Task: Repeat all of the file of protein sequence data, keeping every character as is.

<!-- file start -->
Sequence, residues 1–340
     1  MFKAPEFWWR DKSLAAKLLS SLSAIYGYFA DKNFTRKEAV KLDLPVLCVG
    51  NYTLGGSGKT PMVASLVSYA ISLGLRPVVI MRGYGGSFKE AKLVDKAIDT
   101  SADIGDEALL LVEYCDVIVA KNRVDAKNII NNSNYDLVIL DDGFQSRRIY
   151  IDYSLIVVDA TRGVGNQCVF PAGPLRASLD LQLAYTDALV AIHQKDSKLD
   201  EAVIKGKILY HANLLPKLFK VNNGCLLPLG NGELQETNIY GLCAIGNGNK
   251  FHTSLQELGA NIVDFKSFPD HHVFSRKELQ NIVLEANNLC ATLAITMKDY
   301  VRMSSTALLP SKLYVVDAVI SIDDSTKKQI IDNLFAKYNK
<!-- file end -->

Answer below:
Sequence, residues 1–340
     1  MFKAPEFWWR DKSLAAKLLS SLSAIYGYFA DKNFTRKEAV KLDLPVLCVG
    51  NYTLGGSGKT PMVASLVSYA ISLGLRPVVI MRGYGGSFKE AKLVDKAIDT
   101  SADIGDEALL LVEYCDVIVA KNRVDAKNII NNSNYDLVIL DDGFQSRRIY
   151  IDYSLIVVDA TRGVGNQCVF PAGPLRASLD LQLAYTDALV AIHQKDSKLD
   201  EAVIKGKILY HANLLPKLFK VNNGCLLPLG NGELQETNIY GLCAIGNGNK
   251  FHTSLQELGA NIVDFKSFPD HHVFSRKELQ NIVLEANNLC ATLAITMKDY
   301  VRMSSTALLP SKLYVVDAVI SIDDSTKKQI IDNLFAKYNK